Wiffle Lever To Full!

Daleks, Death Stars and Dreamy Sci-Fi Nostalgia…

Extracts from Bob’s 1984 Diary… Volume 161

Saturday 9th June 1984

Woke up at 10.00 and got up at 10.15. At 10.30 I went to Levendale and had a ride around. Then I went to the charity fair in Yarm and met Doug and Huggy at the school stall. Then I came home, got some money, then went back to Yarm, got some fish and chips and ate them at the mud track.

Then I came home and played outside with the dogs, then when Norma came I went upstairs and played my Billy Joel tape, and after that I had tea.

At 5.10 I watched Whizz kids, then I turned over at 6.10 and watched Pop Quiz. After that I went outside and played with the rugby ball, then at 10.00 I came in and just mucked on till 11.15, when I went to bed.


Another gorgeously hot summers day, and – yay! – the annual Yarm Charities Fair, a chance for our most public-spirited burghers to set up trestle tables on the cobbles around the Town Hall and raise a few pennies for deserving local causes. Until I read this diary entry I’d forgotten that our school itself had its own, dedicated stall, so it was undoubtedly down to us and us alone to raise money for North Tees Hospital’s Cavatron appeal. Or possibly Cavitron appeal. However it was spelt, come on punters – buy these crinkled James Herriot paperbacks, there are lives at stake here!!!


1. James Herriot (complete with brilliant cartoon covers by Thelwell, and usually the slightly-out-of-date reminder ‘NOW A MAJOR BBC TV SERIES’ across the top)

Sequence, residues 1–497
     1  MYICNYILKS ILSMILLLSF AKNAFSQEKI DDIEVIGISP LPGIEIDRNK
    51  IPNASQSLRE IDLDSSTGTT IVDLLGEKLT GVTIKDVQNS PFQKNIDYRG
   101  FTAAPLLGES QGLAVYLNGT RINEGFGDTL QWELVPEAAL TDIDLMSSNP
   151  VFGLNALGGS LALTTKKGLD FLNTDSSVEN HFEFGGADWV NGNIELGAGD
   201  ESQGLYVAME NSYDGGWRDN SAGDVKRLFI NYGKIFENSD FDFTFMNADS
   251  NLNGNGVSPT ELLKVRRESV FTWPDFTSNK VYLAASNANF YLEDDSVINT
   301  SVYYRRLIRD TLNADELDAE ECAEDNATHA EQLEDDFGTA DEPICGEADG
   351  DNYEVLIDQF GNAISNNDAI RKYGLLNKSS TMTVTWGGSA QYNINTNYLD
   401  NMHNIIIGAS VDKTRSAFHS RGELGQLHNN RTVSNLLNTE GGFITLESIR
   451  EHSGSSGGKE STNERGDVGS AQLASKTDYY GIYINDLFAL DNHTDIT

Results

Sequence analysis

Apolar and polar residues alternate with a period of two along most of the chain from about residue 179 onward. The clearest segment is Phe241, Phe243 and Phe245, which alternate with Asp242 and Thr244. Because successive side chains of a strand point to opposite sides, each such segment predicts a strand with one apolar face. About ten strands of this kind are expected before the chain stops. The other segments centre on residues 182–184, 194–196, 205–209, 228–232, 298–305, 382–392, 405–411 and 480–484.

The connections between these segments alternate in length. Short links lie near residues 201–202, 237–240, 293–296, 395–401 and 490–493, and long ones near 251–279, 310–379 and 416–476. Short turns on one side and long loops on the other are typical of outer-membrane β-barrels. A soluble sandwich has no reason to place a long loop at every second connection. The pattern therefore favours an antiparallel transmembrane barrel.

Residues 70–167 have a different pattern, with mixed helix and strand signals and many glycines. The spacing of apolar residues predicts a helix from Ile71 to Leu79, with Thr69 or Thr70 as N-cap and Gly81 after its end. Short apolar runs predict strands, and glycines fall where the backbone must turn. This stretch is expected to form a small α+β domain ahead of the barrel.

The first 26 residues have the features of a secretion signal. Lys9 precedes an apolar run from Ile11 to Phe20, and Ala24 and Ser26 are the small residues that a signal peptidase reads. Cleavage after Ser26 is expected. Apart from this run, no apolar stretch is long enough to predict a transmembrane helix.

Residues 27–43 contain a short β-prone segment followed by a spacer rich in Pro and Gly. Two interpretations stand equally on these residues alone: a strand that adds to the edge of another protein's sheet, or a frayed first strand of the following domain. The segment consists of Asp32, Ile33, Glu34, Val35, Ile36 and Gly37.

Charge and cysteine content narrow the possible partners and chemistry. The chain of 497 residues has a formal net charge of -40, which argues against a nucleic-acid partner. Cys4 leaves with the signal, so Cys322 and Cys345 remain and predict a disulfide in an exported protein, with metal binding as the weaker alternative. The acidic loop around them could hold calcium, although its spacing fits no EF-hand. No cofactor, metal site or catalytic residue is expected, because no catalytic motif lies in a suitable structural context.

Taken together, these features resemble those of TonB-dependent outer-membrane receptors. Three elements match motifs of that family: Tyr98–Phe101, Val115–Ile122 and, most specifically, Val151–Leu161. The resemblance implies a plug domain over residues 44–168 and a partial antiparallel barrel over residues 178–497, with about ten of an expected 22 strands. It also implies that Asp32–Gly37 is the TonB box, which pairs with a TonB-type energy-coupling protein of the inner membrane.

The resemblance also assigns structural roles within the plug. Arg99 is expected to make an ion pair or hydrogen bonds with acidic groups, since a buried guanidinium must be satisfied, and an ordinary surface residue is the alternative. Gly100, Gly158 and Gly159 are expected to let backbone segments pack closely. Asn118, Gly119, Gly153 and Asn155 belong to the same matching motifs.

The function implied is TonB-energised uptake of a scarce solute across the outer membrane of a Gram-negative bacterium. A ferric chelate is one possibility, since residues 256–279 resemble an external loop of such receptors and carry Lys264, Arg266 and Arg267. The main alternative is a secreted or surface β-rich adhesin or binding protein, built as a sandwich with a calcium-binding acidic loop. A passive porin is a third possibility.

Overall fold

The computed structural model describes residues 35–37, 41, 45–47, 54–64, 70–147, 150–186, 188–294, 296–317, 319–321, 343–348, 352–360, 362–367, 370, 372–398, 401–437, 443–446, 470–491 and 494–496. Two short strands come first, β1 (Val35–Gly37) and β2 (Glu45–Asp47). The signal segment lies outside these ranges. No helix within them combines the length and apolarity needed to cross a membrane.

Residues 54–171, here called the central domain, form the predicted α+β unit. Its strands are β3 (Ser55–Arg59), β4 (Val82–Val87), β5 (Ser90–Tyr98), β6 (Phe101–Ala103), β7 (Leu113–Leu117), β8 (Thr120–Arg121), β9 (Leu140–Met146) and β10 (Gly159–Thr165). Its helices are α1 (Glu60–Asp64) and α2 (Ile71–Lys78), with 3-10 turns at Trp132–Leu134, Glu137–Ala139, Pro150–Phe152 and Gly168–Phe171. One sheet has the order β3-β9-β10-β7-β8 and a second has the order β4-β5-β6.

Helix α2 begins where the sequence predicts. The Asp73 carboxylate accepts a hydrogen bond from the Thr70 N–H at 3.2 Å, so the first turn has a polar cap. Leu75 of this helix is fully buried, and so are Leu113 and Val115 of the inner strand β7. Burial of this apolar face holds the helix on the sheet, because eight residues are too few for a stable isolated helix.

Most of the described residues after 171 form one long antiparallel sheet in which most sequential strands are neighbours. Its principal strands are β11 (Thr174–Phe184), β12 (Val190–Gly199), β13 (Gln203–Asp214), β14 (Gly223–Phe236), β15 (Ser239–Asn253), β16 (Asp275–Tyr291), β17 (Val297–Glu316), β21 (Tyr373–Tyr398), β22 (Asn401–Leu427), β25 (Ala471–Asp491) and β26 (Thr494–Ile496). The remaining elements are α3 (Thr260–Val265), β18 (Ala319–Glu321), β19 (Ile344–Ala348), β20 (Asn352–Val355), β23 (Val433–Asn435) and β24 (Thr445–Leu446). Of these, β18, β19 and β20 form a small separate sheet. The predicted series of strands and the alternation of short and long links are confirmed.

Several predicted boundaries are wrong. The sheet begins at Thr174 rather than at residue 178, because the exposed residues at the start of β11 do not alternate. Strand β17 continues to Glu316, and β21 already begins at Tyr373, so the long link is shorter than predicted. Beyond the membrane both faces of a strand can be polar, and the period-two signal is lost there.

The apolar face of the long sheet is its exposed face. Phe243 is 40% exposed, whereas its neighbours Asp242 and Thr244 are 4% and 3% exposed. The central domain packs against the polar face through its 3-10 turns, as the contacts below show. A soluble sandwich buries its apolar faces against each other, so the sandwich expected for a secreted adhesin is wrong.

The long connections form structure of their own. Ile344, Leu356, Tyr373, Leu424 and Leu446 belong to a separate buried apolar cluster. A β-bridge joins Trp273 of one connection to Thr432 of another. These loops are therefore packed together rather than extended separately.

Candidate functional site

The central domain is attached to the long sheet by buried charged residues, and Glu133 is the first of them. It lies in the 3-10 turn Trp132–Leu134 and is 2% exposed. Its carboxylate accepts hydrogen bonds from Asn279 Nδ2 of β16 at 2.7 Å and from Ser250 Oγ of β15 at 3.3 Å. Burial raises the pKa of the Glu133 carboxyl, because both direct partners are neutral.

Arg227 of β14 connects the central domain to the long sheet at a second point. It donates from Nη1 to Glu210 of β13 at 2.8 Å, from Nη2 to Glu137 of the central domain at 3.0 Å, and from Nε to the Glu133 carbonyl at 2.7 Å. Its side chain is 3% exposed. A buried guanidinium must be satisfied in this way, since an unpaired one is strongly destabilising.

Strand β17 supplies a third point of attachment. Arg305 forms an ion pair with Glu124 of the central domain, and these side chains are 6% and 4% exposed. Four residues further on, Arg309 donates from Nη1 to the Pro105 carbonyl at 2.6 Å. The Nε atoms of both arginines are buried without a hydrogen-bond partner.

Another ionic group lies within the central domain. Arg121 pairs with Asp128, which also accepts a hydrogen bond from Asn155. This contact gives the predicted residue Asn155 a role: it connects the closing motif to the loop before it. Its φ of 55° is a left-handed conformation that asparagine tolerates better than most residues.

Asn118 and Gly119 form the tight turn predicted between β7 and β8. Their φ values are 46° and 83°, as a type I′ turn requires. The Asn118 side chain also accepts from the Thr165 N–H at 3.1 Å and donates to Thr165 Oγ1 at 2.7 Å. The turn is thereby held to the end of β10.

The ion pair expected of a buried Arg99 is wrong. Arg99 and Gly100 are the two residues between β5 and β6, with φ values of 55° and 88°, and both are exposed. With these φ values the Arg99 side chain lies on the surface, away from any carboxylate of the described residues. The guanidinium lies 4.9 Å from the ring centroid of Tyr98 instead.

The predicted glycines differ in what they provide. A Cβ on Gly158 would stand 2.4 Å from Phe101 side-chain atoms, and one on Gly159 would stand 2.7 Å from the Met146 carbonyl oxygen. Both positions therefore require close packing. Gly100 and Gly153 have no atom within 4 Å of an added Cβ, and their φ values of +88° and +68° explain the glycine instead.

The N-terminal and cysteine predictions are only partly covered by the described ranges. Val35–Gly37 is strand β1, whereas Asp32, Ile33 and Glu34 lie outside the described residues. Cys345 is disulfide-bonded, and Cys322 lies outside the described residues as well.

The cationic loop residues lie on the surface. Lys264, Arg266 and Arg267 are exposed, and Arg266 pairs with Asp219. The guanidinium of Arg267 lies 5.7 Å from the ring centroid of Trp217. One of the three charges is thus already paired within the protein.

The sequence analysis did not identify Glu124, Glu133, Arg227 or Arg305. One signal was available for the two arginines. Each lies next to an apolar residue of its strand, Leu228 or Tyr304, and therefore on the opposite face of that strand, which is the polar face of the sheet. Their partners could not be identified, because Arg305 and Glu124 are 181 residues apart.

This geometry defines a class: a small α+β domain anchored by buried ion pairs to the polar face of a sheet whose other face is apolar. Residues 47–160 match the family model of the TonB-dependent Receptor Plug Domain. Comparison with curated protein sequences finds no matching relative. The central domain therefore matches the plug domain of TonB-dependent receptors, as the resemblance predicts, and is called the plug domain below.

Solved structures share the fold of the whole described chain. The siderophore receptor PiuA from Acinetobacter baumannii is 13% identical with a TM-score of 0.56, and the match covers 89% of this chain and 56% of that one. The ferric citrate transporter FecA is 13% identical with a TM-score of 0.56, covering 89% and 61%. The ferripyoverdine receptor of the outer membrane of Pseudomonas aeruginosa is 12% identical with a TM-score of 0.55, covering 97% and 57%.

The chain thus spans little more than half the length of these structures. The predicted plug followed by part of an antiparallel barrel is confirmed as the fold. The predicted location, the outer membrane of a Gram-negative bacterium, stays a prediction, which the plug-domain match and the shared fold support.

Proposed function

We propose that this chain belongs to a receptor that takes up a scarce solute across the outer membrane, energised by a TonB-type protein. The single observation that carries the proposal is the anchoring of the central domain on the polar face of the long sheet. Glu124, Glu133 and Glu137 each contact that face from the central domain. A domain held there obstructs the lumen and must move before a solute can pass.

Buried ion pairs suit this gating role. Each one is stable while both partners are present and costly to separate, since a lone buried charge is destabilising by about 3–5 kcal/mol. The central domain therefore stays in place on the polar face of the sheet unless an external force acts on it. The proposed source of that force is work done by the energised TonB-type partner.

2. Peter Benchley (almost always ‘Jaws’ and ‘The Deep’)
3. Ian Fleming (I have a full collection of James Bond paperbacks collected entirely from second hand book stalls, all with the 3’6″ pricetags still intact in the corner)
4. Jilly Cooper (and yes, they always fell open at the mucky bits)
5. Charles M Schultz (usually a copy of ‘You’re A Winner, Charlie Brown’ with a half-eaten piece of Wham Bar stuck to the back cover)


These weren’t really what I was looking for, though. What I wanted, obviously, were pristine Doctor Who Target Novelisations. And if they didn’t have chewed-up sweets attached to them, and didn’t fall open at the mucky bits (K9, how COULD you?) then that was a bonus. It was undoubtedly in anticipation of buying a small truckload of these treasures that I made a two-mile round trip home to pick up a few stray pennies, before returning to find that Doug and Huggy had got bored waiting for me and buggered off. And there were no Doctor Who Target Novelisations to be found.

To console myself, I bought a battered copy of ‘For Your Eyes Only’ from Mrs Mulhern, a bag of fish and chips from the splendidly Soviet-styled ‘YARM FISHERIES’ (options: fish, chips, fish and chips, and – if you were lucky – shandy. Requests for anything as exotic as mushy peas were likely to lead to imprisonment in a takeaway Gulag for the rest of your natural chip-eating life) and went to the Mud Track to sulk.

(NB My fish and chips will, have course, have been wrapped up daintily in a copy of The Sun from Friday 8th June, thus ensuring that half my battered cod had the faint, inky imprint of George and Lynne across its chewy, luridly orange body. In reverse)


And ha, ha! What a devoted family man I was, even as far back as 1984. My gran was staying with us for the weekend, my Auntie Norma from Redcar came to visit and chat (and no doubt gave me a crisp pound note to compensate for the morning’s disappointment) and what did I do? ‘Went upstairs and played the Billy Joel tape’. No doubt hiding in my bedroom and belting ‘Tell Her About It’ into a hairbrush, before checking that the coast was clear and digging in for the evening’s TV.

If you’re reading this Norma, I’m sorry. And thankyou for the pound note.